Many Royal Canadian Legions in the county were fighting hard to gain members and keep their legions open a few years ago, but it seems now they are beginning to hold their own.
Stephen Gerrior, treasurer of Stellarton Legion Branch 28 says, “We are not doing too bad. It’s been fairly steady for members.” Stellarton is boasting a membership of approximately 285 and they have been holding steady.
“We are not losing any members, but we aren’t really gaining any either,” he says.
Pictou Legion Branch 16 is also doing well in terms of members.
“We have some new members this year so we are doing pretty well,” says Janice Watters, president.
Watters says they have had to reduce their hours on Monday and Tuesdays, but Wednesday through Sunday they have darts, karaoke, Chase the Ace and steak darts.
Donald Calder, president of Westville Legion Branch 35, shares the same sentiment in terms of members.
“Our membership is actually up this year by about a dozen members, but we still only have 112 to 115 members in total.”
The issue is, however, being able to keep the doors open in Westville.
“We are struggling; we are only open three days a week now.”
People aren’t attending the legion as much as they used to, so paying for a bartender was costing the legion money.
“Private functions have helped a lot, like weddings. Our biggest gain is if we can get the bar rented out.”
Even though their numbers are smaller, Calder says they are always willing to work.
Donny Kennedy, past president of the New Glasgow Legion Branch 34 says their membership has been maintaining.
“There has been a slight increase overall in legion membership in northern Nova Scotia, but not by much.”
Gerrior says to become a regular legion member, you must be part of the armed forces, cadets or police; however, if you have a family member that is or was a member of the legion, you can become an associate member.
Those with no legion affiliation can still join as an affiliate member as long as you are 19 years of age or older.
Kennedy adds, “You definitely don’t have to be involved with the military to be a member any more, anyone can join.” New Glasgow Legion has had to cut back slightly on hours, but have been doing fairly well.
Trenton Legion Branch 29 is facing the same issue.
“We haven’t seen an increase in membership, it’s actually down some,” says Pat Condon, membership chairman. “We have 257 members but we have had to change our hours.”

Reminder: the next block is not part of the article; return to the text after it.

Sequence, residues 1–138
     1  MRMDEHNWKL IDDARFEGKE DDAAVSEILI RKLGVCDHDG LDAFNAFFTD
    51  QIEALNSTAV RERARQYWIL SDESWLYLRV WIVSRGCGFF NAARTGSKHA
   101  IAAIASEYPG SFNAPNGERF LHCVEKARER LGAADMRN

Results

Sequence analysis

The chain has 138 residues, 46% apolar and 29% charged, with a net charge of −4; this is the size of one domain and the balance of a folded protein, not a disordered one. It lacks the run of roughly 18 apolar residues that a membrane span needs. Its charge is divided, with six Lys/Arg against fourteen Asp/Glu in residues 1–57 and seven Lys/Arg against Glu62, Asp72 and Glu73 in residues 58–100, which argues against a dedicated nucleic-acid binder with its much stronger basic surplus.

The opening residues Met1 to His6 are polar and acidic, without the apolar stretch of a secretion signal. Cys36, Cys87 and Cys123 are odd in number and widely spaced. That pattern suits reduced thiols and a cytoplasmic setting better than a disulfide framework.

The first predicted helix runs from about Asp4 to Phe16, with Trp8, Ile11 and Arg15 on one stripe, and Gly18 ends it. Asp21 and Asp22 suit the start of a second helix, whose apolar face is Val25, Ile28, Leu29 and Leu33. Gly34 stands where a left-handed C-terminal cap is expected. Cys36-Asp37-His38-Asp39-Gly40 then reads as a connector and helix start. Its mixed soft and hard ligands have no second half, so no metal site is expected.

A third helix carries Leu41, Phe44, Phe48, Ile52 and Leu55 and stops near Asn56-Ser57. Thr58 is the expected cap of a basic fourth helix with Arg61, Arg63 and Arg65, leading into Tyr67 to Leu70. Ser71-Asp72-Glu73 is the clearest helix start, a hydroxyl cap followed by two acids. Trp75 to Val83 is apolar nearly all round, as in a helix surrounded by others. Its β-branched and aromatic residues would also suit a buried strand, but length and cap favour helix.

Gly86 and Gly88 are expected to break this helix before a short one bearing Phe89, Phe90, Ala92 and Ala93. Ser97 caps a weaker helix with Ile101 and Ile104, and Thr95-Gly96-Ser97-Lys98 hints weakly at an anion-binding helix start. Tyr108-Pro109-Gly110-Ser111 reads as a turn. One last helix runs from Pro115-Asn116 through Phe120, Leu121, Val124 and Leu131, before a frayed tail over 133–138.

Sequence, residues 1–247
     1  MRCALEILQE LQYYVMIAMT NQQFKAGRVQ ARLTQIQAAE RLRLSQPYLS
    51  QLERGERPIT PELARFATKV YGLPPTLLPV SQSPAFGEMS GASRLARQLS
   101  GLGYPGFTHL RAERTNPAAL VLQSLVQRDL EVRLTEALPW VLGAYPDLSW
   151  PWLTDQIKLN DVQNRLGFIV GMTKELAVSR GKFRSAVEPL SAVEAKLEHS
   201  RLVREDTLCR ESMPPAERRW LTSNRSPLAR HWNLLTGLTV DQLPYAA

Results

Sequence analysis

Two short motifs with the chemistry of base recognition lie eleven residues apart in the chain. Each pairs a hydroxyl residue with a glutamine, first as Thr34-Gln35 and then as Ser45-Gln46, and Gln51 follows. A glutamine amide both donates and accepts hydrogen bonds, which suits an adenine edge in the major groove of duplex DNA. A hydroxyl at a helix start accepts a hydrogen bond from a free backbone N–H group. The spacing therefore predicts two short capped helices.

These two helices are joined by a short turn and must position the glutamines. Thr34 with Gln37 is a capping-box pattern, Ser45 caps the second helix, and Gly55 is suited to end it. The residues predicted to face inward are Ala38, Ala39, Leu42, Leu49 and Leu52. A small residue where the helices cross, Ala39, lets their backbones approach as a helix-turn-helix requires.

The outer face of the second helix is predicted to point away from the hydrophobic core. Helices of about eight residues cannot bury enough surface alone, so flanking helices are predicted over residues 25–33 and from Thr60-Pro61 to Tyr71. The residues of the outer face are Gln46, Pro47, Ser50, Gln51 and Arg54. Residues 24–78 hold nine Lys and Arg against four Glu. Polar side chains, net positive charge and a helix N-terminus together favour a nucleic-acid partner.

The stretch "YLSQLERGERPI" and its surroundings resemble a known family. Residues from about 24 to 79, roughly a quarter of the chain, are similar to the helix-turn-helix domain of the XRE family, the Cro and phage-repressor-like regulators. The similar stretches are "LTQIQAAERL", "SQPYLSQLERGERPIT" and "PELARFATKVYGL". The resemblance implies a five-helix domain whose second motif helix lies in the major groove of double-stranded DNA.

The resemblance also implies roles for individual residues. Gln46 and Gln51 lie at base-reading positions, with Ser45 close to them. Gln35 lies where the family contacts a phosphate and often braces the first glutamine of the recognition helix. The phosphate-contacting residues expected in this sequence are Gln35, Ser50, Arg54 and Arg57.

River John Legion Branch 108 is starting to fill out again.
Marilyn Heighton, president, notes the issue is not keeping members, but getting new, younger members.
“We did get a couple of younger members sign up this year,” she says.
But they have reduced their hours to one Saturday a month through the winter, although they are open for a jam session every Friday evening.
Kennedy says being involved with the legion means supporting veterans.
“We are focused on looking after veterans and veterans’ needs. We sponsor the Northumberland Veteran’s Unit in Pictou and we have the poppy drive and wreath drive as well as organize the Remembrance Day services,” he says.
Kennedy says money raised from the Remembrance Day wreaths goes to the cost of the wreaths with maybe $1 going to the legion. As for the poppies, they are a donation-based fundraiser and all funds go into a trust that cannot be touched unless it is for a specific purpose.
“The funds from the trust go toward veterans and their families, but we are also permitted to use the funds for hospital donations, school library donations, army cadet corps donations and things like that. There’s quite a bit we do for the community and it’s the poppy drive that does it.”
Kennedy says the legion is really broken into two parts, the entity itself, and the business portion. The entity is the membership, the club atmosphere and the games; the business is the bar and the rentals which help pay for expenses of the legion.
“The bar helps as the numbers for members drops,” he says. “We are always taking members and volunteers for the poppy and wreath drives.”